(Sometimes people ask what I think re: who the culprit was in the deaths of young Edward V and his brother Richard, and though I haven’t made a special study of it, since I did a comprehensive field in late medieval England I can’t really duck it. For what it’s worth, I have never seen any reason not to conclude that Richard III, who benefited most directly and most obviously, ordered the killings. There are lots of other theories out there, but they fail the plausibility test for me.)

The debate is what’s more interesting to me right now anyway. Although of course Richard was never really tried for the murders, in a lot of ways he has been on trial ever since, for what is now nearly 550 years. It’s still important to people (on both sides of the issue) that they prove it, or resolve it, one way or another.

Sometimes people talk about the judgement of history, or promise that history is going to judge a person or a certain action. Very often the reply is something along the lines of ‘yes but who cares’, because whatever historians and lovers of history eventually decide, it neither helps nor hurts people in the past, it repairs no damage and relieves no harm. ‘The judgement of history’ can be pretty cold comfort.

However, I have also seen the argument (if that’s what you want to call it) made that a person lives as long as there’s anyone left who remembers them. And if you think of it that way, and if a person is remembered, but as a murderer, or a fascist, then what have they become? From at least one way of thinking about it, you are what people remember you as.

Look, I’m not really suggesting that the dead care one way or another what we think of them, and this is teetering on the verge of getting deep into the weeds of what we’re actually doing when we ‘do history’, but: I’m sure if you had told Richard III that (arguably) the main thing that he’s associated with is still his probable role in child murder, he wouldn’t be very happy about it. (Of course, he also wouldn’t have to fret about it for long, either)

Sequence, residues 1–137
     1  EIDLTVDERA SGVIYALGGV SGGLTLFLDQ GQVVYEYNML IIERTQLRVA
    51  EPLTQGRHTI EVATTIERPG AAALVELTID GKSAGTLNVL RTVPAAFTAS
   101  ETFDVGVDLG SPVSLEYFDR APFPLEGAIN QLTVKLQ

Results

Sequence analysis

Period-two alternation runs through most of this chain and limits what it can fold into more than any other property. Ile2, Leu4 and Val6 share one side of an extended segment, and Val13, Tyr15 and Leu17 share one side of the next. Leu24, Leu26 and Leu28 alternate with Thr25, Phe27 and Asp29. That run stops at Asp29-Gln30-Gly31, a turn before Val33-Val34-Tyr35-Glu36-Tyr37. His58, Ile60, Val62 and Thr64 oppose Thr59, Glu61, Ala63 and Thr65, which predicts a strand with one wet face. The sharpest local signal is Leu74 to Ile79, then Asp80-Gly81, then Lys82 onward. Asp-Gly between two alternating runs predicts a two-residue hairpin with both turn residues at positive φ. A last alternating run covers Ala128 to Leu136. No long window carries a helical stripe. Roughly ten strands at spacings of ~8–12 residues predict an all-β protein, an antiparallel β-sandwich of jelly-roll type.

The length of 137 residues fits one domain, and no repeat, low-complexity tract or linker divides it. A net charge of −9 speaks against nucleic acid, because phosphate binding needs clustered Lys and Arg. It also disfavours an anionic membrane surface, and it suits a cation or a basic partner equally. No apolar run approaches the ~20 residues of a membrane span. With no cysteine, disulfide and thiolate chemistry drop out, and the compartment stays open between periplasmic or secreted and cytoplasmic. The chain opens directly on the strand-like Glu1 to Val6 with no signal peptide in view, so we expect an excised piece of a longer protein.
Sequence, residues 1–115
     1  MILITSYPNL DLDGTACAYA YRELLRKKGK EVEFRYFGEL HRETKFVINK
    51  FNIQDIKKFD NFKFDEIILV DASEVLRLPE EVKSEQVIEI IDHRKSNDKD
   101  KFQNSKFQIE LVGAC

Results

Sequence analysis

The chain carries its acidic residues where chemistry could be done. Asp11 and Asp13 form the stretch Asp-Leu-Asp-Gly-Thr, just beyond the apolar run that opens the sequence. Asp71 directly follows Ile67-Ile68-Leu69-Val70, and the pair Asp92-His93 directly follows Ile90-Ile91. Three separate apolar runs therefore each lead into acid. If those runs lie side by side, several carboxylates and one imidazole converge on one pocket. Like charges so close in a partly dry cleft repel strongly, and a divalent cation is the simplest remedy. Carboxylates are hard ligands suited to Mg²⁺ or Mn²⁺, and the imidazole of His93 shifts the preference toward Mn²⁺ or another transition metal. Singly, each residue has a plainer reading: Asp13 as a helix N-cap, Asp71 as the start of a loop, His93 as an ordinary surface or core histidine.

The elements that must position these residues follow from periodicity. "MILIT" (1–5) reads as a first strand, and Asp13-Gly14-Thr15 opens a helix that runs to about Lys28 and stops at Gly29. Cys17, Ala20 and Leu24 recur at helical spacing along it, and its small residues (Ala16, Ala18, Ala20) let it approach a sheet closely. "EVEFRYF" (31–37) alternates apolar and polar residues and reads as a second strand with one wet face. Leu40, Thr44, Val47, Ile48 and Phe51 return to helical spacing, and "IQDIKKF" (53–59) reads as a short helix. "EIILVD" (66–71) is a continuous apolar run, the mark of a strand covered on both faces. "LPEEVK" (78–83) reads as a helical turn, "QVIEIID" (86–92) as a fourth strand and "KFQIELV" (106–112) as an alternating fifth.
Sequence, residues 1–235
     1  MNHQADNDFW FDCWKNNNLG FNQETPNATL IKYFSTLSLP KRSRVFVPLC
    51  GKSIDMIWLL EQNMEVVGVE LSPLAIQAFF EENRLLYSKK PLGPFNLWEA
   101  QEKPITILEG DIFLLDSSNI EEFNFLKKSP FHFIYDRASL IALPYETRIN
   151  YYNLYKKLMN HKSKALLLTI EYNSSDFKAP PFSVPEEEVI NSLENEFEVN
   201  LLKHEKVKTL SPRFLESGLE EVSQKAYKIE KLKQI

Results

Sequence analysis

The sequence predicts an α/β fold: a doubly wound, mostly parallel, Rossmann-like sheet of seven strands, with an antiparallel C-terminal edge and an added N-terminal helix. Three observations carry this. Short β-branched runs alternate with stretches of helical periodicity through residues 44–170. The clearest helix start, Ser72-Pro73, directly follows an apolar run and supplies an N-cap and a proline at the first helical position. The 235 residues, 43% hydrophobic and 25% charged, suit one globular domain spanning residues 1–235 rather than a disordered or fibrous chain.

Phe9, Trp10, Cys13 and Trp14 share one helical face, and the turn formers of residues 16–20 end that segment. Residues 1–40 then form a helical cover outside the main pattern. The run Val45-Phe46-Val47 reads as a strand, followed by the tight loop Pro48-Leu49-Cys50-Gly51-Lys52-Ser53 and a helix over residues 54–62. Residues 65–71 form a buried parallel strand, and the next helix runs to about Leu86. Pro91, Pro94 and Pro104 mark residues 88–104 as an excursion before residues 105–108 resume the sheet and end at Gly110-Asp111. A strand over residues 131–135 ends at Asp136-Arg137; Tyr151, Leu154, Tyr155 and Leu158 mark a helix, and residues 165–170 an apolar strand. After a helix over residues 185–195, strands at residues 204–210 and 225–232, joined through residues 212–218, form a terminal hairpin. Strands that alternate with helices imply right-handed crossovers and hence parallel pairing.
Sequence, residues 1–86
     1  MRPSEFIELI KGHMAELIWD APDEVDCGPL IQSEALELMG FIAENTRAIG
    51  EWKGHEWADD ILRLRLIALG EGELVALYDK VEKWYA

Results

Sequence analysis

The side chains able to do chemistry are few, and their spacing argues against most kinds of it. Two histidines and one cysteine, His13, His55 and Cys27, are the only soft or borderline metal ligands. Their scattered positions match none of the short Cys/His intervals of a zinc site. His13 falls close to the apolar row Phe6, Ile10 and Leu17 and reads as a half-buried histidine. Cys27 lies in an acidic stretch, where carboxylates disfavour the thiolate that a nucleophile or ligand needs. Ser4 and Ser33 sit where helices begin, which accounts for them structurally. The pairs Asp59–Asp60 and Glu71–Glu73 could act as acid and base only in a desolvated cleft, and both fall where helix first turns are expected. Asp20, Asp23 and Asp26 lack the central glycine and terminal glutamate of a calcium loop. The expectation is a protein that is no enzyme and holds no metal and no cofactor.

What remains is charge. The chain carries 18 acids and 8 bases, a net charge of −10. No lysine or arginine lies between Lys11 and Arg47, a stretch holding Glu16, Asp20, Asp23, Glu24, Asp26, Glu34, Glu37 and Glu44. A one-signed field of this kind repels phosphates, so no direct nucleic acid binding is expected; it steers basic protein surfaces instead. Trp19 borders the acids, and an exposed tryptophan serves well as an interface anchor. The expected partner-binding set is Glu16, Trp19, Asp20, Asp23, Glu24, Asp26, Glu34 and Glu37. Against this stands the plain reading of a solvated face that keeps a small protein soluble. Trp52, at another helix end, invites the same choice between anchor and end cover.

Maybe the judgement of history is a heavier hand than we sometimes think.

There, I said it was strange.

Thanks for reading.

Tagged , , ,

Writing, and Writing

I have a couple things I want to touch on this week, which is a switch from those weeks when I was struggling to come up with a good topic at all. Blog topics come not single spies, but in battalions.

However that may be, here we go.

First, I wanted to note and mourn the passing of Michael Clanchy, surely one of the most influential of medieval historians. When he passed away a few days ago the internet was filled with tributes from scholars who said that his work had changed their way of thinking, and I include myself in that number. His foundational book, From Memory to Written Record, remains one of the most remarkable books that I have ever read, and it is not an exaggeration to say that I have thought about a lot of things differently ever since.

From Memory to Written Record is about the change from memorial culture (remembering things, essentially) to writing them down, in European society. Clanchy’s work is essential for understanding why medieval people kept the records that they did and why they kept them the way that they did, and in illuminating a great deal about the way medieval people thought in general. So, as a student of history who spent a great deal of time working on Things in Archives, Clanchy was foundational and I could not have done my work without it.